What is Pet Hospice & Palliative Care?
This refers to a philosophy that promotes an alternative to immediate euthanasia or a painful death.
The idea is that death can be experienced with dignity, as an animal rests at home with its loving
family. We generally reserve this approach for pets in the final stage of a terminal illness and focus on
giving animals a safe, caring, intimate end-of-life experience in their familiar environment. As such, it is
not geared toward curing a patient's disease, but rather toward keeping the disease from causing any
discomfort until the patient passes, either on its own, naturally, or with assistance.
What is the difference between Pet Hospice & Palliative Care?
We generally use the terms "Palliative" or "Comfort Care" to refer to the provision of pain relief, nursing
care, nutrition, and other methods of physical & emotional support that are intended to keep the pet
comfortable until the end of it's life, either naturally or through euthanasia. In contrast, we try to reserve
the term "hospice" for referring to the approach to end of life care where we do not intervene medically
to hasten (euthanasia) or delay (through extraordinary measures) the pet's passing. This does not
mean that we do nothing, it simply means that the intention is to allow the pet to pass in it's own time
and in it's own way, while providing the same kinds of support as in palliative care.
How does veterinary hospice differ from the human situation?
Many people are familiar with the hospice concept from the human health care system. When dealing
with animals, there are some important differences. First, the animal patient cannot choose hospice for
itself. As caregivers, we must make that difficult decision for our friends, keeping the needs of the
animal foremost in our thoughts. Secondly, in veterinary hospice, there are very few "hospice centers"
where we can bring our animal for the process. The care occurs primarily at home, sometimes with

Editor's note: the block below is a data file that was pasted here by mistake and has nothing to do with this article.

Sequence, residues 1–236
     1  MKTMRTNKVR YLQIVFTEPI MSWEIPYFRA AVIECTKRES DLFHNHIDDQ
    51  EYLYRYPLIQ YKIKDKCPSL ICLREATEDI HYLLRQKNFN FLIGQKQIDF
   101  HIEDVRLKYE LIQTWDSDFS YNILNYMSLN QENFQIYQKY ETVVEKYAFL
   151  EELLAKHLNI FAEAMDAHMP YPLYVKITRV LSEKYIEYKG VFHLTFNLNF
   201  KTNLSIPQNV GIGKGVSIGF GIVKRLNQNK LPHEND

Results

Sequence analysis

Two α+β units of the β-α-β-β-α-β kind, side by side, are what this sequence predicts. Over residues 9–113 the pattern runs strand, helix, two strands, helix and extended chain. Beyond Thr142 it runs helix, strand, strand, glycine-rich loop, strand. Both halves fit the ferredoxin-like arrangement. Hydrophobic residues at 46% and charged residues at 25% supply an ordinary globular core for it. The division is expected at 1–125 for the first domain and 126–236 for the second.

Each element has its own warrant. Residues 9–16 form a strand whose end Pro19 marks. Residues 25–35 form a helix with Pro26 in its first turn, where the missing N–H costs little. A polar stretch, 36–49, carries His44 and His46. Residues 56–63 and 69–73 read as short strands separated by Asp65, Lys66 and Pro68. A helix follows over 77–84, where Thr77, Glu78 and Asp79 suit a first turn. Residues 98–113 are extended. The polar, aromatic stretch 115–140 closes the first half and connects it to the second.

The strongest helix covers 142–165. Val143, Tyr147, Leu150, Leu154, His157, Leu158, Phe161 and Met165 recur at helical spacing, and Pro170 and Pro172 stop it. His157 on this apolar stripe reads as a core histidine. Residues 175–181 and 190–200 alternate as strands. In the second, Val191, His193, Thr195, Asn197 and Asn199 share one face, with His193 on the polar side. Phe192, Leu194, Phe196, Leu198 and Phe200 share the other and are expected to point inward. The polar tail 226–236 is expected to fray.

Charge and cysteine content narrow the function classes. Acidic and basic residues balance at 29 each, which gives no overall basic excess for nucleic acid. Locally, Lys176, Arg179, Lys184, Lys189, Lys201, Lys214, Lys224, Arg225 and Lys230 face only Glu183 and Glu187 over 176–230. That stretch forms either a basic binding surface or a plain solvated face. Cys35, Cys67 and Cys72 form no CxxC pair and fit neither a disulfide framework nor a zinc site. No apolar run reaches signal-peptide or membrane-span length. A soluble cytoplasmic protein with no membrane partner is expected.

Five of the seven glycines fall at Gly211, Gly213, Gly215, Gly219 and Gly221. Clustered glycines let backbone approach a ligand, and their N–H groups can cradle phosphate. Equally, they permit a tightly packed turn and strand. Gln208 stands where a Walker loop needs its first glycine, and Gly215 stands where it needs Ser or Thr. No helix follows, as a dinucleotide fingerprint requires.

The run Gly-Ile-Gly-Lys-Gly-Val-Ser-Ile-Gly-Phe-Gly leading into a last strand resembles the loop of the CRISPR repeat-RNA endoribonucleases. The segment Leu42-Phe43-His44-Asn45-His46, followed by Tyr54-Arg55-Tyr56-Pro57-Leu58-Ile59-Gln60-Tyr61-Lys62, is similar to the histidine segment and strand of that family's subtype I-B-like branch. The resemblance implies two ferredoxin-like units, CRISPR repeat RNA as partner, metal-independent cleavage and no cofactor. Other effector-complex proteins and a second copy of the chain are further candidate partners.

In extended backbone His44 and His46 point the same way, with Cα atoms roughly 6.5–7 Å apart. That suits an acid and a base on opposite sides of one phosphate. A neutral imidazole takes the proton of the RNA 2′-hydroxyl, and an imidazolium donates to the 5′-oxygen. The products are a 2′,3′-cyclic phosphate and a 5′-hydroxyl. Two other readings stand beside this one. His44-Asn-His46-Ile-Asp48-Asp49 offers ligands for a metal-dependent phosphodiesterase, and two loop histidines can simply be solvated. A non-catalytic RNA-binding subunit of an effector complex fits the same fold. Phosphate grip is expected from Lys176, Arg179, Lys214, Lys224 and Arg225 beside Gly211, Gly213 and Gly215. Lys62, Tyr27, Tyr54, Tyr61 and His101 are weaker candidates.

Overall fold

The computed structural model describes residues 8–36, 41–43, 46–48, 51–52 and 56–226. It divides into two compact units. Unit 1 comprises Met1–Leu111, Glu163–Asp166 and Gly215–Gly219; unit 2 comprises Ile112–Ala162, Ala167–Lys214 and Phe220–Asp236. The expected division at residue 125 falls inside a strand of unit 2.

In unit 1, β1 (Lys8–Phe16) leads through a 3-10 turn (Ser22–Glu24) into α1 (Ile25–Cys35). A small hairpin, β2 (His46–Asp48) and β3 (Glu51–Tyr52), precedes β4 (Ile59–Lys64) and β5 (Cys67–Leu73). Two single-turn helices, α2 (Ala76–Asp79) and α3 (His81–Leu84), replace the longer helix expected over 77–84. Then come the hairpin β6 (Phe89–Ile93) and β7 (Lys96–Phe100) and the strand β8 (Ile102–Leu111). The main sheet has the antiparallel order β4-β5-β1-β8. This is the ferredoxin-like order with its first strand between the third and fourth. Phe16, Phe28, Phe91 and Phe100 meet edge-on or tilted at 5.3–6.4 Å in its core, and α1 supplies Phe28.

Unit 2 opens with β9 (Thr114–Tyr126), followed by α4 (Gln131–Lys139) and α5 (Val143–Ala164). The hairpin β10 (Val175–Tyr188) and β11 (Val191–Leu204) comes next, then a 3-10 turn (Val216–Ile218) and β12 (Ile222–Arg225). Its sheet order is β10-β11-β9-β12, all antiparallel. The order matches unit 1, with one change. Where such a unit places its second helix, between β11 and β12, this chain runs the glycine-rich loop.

occasional visits to the veterinary hospital, but delivered mostly by family members. Finally, as opposed
to the human situation, although we may intend to do hospice with a pet, sometimes the particular
circumstances of their illness or the family situation may change along the way, necessitating
intervention with euthanasia to avoid undue suffering..
Is Hospice or Palliative Care the right choice for my pet?
Many terminally ill patients can benefit from home hospice or palliative care. Some common conditions
for which hospice may be appropriate include various types of cancer, organ failure (e.g. kidney, liver, or
heart), debilitating arthritis, and neurological problems. Important things to consider before choosing
hospice include whether or not any pain that is present can be controlled, what procedures caregivers
are willing/able to perform at home, and the availability of family resources such as time, money,
psychological/spiritual support, etc. When considering hospice care, here are some questions that you
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- Does your pet still truly want to continue living or are you choosing hospice because you feel guilty
about or are unable to make a decision regarding euthanasia?
- Do you have the time, energy, and resources to commit to caring for your pet and
managing the medications and treatments necessary to keep him/her comfortable?
You may need to care for a pet that is unable to rise, is incontinent, needs frequent
cleaning, turning, and medication administration, and/or is not eating/drinking.
- Would you be comfortable giving your pet injections or learning to do this? (Many pets
will stop eating toward the end of their lives and the most effective way to provide
needed medications is often via injection)
- Can your pet's pain be managed effectively (we can help with this assessment)?
- Is everyone in your family in agreement about this course of care?